Say goodbye to summer - but only on the calendar.
Fall, officially arriving Friday, has begun showing its colors, but warm shoreline waters give anglers the best of both summer and fall fishing.
Bass have moved onto weed edges of inland waters and along rocky near-shore structures of Great Lakes waters. Walleye make the evening run to near-shore haunts and perch schools tighten on the largest and smallest of inland lakes.
Salmonids, despite warm feeder stream waters, go with their fall program. Chinook salmon enter 68-degree waters of Great Lakes streams and rivers to begin their fall spawning cycle; inland stream trout rise to early-fall fly patterns. Panfish move closer to shore as daylight shortens and minnow forage becomes scarce.
Fall brings nippy air, but to have fish nip at baits and lures, take along some summer tackle as well as the fall array of egg sacks, skein and wet flies.
Every accessible feeder stream now holds trout, with live or fresh bait the best bets for bites right now. Egg sacks and night crawler segments do well but fresh skein draws the most strikes, especially when waters settle out and baits become move visible.
Lake Erie walleye fishing this weekend has all the excitement of visiting a gaming casino. Are they still out there or moved off toward Ohio? The few boaters who got out between high winds and waves found few fish, with the presumption the main school may have moved north along the Ontario/New York State border before heading west to Ohio.
Bass need no speculation. Once Sunday's high waves settled, boaters found bass back on rock structures from Buffalo Harbor to Brocton Shoals. Smaller bronzebacks dominate the tops of rock piles (10-foot depths and shallower), but heavier jigs ( 3/8 - to 3/4 -ounce) dropped along rock ledges and rubble piles connect in less than 30-foot depths in most areas.
Perch have the status of walleye when it comes to location and harvesting right now. The few boaters trying for perch appear east of Cattaraugus Creek toward Evangola State Park, with no takers yet in the 55-foot perch flats west of Sturgeon Point. Unlike inland lakes, Erie ringbacks typically join in tightened schools later in the fall.
It's a beautiful thing, the lower Niagara River gorge, that is, not the gathering of boats each morning in the Devil's Hole waters above the Ontario and New York power plants. The king salmon run, which began heavily two weeks ago, continues to draw new mature and two-year-old "juveniles" into lower river waters.
Kings could stage anywhere in the river along the five miles between the mouth at Fort Niagara and Devil's Hole, but the bulk of fish race upstream and find good holding waters to stage before their run to Whirlpool and the base of the falls -- if they get there. Some fish have been taken at the Queenston back drift, but the hole has control.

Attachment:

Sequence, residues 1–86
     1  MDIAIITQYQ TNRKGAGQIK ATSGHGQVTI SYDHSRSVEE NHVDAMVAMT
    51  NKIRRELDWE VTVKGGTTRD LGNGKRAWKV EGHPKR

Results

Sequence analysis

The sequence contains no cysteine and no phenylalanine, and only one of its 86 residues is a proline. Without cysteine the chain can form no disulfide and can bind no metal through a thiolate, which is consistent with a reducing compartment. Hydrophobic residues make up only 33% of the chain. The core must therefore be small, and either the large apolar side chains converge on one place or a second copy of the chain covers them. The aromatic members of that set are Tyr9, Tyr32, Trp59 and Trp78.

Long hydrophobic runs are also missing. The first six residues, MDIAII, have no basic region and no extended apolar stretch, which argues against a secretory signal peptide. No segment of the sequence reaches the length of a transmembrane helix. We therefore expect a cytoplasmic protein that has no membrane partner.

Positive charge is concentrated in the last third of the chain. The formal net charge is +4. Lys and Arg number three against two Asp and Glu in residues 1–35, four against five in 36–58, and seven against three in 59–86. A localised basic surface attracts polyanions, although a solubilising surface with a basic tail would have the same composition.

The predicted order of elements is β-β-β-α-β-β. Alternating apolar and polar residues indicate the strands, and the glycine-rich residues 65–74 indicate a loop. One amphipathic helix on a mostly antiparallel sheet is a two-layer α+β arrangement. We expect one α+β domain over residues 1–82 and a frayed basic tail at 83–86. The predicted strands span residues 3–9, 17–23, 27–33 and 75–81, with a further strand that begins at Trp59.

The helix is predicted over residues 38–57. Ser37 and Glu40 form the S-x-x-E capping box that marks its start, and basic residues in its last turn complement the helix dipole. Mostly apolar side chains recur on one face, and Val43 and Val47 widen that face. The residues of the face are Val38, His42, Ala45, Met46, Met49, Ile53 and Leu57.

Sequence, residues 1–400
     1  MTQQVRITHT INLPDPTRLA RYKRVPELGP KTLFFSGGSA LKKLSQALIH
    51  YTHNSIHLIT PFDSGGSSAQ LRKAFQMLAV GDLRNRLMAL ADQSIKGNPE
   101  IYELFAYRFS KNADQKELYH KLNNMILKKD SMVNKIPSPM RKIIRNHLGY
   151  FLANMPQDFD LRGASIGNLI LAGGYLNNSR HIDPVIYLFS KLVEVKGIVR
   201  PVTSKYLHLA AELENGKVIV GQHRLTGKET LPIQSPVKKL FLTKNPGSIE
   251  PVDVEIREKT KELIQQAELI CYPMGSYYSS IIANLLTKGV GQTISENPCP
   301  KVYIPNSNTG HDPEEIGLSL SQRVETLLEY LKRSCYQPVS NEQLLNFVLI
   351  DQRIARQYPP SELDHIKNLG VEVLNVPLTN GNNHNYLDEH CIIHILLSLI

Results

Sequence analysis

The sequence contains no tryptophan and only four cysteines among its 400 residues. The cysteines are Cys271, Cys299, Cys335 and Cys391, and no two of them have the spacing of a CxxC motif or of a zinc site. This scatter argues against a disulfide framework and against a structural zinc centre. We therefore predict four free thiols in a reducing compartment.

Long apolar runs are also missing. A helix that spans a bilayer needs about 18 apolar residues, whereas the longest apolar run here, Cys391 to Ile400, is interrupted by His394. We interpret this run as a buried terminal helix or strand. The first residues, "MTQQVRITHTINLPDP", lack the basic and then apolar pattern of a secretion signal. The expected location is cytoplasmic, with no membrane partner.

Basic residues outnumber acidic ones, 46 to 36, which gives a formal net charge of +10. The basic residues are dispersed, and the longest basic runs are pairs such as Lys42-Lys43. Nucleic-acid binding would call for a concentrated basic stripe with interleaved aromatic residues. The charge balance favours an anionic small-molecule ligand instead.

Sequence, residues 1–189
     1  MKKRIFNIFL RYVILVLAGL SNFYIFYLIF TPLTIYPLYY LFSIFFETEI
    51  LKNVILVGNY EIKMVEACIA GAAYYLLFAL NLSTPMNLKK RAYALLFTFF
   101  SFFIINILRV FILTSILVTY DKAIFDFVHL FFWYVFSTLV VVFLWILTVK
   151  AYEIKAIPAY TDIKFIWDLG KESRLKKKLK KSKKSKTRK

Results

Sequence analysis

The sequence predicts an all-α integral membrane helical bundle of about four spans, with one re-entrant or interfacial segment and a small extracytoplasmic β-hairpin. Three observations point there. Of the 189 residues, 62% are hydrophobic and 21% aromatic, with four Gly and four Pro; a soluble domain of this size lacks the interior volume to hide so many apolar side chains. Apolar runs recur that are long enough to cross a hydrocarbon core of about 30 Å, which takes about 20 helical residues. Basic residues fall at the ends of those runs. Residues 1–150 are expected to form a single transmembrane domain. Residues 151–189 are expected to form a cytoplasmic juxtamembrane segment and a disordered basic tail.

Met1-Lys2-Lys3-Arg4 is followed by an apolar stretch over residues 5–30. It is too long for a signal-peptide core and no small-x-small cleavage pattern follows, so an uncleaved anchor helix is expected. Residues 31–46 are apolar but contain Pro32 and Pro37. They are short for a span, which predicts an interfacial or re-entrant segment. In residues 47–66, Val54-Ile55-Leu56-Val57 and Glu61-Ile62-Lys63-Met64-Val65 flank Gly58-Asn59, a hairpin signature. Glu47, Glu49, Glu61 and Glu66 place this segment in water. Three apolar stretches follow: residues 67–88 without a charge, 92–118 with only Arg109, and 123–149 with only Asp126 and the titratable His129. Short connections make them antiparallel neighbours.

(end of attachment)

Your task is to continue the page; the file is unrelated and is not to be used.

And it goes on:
Cut-bait rigs continue to cut into king salmon moving close to shore in preparation for their run upstream. Catch numbers decline and successes depend on wave action and thermal currents just off ledges (50- to 80-foot depths) off Fort Niagara, Wilson Harbor, Olcott Harbor and Point Breeze.
When kings fail to cooperate, boaters run out to depths greater than 200 feet in search of steelhead trout schools. Both cut bait and spoons have taken good numbers of steelies at 20-foot depths in normal (south or west) winds and at 40- to 60-foot depths when the northeast or northwest breezes move through.
Both bass and walleye hug weeds in the south basin. Walleye also move close to weed edges in the north basin. One West Virginia angler has been taking limit catches of 'eyes from the south basin weed edges with a Hopkins Spoon touched with a dab of scent and cast toward weeds and brought in with hopping movement normally used for leadhead jigs.
Trout and fly classes
George Besch, experienced fly fisherman, offers a five-session course for anglers, including planning, equipment choices, casting development and many other aspects of the sport. Classes ($29) go from 7:30-9 p.m. on Tuesdays at the Clarence Middle School starting Sept. 26. Call between 8:30 a.m. and 4:30 p.m. Monday-Friday at either 759-8331 or 759-0249.
Paul Mundy conducts an eight-week fly tying course for those of beginner- and intermediate-level fly fishing experience. Classes ($65) at the BOCES Building in the Maryvale High School Campus go from 6-8 p.m. Tuesdays starting Oct. 3. To learn more about the class or register, call 635-4666.
Steelhead: Fly Fishing Schools -- Rick Kustich and Nick Pionessa offer a comprehensive Steelhead Fly Fishing School from 9 a.m.-5 p.m. The fee is $125. Kustich then joins with Topher Brown of Winston Rod Co. on Oct. 8 from 9 a.m.-1 p.m. for a Basics of Spey Fly Casting presentation. Both classes will be held at Oak Orchard Fly Shop, 5110 Main St. in Williamsville. For more specifics, call 626-1323.